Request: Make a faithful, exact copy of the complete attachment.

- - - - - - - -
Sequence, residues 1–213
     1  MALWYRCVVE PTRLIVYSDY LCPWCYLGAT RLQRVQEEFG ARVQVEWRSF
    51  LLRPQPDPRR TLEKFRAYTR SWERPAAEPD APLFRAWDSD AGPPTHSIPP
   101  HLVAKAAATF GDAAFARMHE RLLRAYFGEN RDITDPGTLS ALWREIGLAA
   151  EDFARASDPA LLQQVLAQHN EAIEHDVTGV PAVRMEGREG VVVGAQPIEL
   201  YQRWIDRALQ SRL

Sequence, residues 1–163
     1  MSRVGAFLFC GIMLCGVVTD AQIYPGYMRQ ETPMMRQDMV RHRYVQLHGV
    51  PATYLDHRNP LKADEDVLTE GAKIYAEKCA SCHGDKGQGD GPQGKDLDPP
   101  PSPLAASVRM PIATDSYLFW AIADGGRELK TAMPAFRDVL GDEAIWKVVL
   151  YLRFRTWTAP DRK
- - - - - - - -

Sequence, residues 1–213
     1  MALWYRCVVE PTRLIVYSDY LCPWCYLGAT RLQRVQEEFG ARVQVEWRSF
    51  LLRPQPDPRR TLEKFRAYTR SWERPAAEPD APLFRAWDSD AGPPTHSIPP
   101  HLVAKAAATF GDAAFARMHE RLLRAYFGEN RDITDPGTLS ALWREIGLAA
   151  EDFARASDPA LLQQVLAQHN EAIEHDVTGV PAVRMEGREG VVVGAQPIEL
   201  YQRWIDRALQ SRL

Sequence, residues 1–163
     1  MSRVGAFLFC GIMLCGVVTD AQIYPGYMRQ ETPMMRQDMV RHRYVQLHGV
    51  PATYLDHRNP LKADEDVLTE GAKIYAEKCA SCHGDKGQGD GPQGKDLDPP
   101  PSPLAASVRM PIATDSYLFW AIADGGRELK TAMPAFRDVL GDEAIWKVVL
   151  YLRFRTWTAP DRK